Surprise and initial disbelief was my reaction upon reading the headline "Canadians should be allowed to contribute more to CPP to ‘reignite a culture of savings,’ urges CIBC chief" yesterday in the Financial Post. But it's true - the head of one of Canada's banks has come out in support of an idea that has been portrayed by some as the stupid notion of an ill-advised anti-business left-wing labour movement but which actually makes a lot of sense (as I have blogged about comparing CPP to RRSPs and the like, in relation to retirees' needs, comparing to the proposed PRPPs). It is quite significant when a major bank head publicly expresses support. After all the banks make a lot of profit from RRSPs, mutual funds and would do so from PRPPs that are the private sector alternative to CPP. So kudos to CIBC and CEO Gerry McCaughey for saying something that may not be in their narrow best interest but which is good for Canada and average Canadians.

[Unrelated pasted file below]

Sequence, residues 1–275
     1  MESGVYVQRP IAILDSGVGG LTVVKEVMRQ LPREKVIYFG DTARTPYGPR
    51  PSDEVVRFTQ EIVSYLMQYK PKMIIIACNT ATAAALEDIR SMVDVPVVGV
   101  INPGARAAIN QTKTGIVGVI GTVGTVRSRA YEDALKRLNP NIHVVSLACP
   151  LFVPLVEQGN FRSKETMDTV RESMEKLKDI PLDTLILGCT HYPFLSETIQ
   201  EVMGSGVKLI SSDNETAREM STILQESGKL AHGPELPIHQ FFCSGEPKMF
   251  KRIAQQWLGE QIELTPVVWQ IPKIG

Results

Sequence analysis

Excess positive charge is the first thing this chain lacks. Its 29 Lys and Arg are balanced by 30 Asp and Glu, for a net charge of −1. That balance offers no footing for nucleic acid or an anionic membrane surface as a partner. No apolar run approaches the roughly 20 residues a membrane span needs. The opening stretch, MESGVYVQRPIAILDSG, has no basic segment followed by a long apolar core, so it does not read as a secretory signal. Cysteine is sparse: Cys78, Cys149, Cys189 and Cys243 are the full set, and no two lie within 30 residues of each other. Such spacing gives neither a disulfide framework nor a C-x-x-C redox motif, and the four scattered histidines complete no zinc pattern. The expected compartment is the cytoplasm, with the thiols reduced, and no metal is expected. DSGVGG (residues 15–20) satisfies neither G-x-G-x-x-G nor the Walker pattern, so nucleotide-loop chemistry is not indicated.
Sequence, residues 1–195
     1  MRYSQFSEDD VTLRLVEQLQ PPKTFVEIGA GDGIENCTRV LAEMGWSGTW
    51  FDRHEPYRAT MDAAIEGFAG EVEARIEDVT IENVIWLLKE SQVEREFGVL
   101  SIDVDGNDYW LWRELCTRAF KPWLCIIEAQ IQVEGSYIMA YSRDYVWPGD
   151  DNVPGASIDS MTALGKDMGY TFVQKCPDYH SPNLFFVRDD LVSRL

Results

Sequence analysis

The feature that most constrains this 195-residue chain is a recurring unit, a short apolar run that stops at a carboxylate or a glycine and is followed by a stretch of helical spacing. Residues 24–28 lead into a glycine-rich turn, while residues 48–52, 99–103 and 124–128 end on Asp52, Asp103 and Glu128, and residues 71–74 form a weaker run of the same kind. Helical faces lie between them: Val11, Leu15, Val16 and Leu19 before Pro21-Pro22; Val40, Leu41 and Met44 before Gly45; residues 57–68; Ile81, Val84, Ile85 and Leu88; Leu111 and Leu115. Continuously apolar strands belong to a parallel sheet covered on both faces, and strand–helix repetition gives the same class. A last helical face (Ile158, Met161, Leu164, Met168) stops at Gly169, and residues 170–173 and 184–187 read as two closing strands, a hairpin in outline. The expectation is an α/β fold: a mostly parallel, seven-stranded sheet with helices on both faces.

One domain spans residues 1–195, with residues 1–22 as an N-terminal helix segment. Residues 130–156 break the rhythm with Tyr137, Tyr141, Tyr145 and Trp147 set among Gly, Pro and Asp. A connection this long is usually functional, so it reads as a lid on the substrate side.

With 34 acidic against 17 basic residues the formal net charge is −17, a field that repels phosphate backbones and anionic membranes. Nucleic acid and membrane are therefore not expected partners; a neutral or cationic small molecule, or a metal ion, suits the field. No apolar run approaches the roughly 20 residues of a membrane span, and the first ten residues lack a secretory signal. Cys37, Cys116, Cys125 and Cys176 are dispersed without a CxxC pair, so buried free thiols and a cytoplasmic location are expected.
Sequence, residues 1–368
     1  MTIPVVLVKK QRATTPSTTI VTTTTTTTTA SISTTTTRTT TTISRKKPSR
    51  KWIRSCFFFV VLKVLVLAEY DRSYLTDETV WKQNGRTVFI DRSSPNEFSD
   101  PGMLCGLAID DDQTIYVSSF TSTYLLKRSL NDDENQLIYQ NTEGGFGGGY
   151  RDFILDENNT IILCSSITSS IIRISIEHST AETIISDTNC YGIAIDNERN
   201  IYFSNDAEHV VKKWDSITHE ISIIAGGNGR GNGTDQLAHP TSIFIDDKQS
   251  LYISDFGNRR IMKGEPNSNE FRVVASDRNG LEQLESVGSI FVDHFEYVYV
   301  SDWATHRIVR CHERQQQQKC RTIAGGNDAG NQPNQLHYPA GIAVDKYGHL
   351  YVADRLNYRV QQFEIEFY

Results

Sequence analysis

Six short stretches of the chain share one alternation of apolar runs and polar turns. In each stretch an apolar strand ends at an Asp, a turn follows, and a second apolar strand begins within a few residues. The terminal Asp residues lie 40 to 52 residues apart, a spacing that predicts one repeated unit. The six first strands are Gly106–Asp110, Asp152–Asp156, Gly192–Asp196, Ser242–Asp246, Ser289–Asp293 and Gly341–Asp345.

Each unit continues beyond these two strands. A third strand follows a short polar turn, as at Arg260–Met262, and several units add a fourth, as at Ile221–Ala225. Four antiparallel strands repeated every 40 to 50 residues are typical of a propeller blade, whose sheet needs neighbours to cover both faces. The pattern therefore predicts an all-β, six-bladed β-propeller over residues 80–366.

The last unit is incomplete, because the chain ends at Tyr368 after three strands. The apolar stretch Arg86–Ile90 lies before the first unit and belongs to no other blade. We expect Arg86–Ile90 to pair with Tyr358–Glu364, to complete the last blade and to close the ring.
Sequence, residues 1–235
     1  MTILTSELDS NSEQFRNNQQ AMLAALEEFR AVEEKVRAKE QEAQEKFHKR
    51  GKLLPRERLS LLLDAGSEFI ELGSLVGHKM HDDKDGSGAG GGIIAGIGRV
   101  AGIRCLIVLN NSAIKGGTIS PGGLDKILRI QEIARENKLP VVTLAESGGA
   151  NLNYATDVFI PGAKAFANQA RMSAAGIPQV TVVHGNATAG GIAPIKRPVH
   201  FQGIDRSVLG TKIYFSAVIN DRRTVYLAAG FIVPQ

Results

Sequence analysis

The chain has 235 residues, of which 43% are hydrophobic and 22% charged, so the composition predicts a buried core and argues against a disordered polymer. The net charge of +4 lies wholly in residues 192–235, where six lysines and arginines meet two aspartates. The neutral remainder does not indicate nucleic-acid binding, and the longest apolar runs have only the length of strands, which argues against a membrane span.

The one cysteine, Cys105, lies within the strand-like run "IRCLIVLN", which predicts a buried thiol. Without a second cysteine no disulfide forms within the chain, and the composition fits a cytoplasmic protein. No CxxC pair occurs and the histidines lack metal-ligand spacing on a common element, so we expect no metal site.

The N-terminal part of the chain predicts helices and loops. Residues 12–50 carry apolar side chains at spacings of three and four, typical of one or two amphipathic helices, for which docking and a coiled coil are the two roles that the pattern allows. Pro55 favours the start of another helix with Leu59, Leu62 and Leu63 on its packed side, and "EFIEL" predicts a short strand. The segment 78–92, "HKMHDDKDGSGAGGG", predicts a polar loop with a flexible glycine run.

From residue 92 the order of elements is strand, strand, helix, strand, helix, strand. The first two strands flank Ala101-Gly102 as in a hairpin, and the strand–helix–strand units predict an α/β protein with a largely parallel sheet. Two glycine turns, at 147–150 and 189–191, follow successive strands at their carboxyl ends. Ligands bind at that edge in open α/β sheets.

A fine but critical point of potential disagreement with what McCaughey said is that the voluntary participation in the expanded CPP should be made the default option i.e. people should be automatically included though they could opt out if they deliberately chose to leave it. That way, just about everyone would be in it. To offer participation as a voluntary opt in, where you have to take action to join, would be next to useless as too few people would join. People need a Nudge as Thaler and Sunstein tell us in the eponymous book.
Disclosure: I own bank shares directly and in ETFs (and so does just about every Canadian in their equity mutual funds or ETFs) and I will be getting CPP, though not any expanded benefits if it is expanded on a pre-funded basis as I believe it should be done.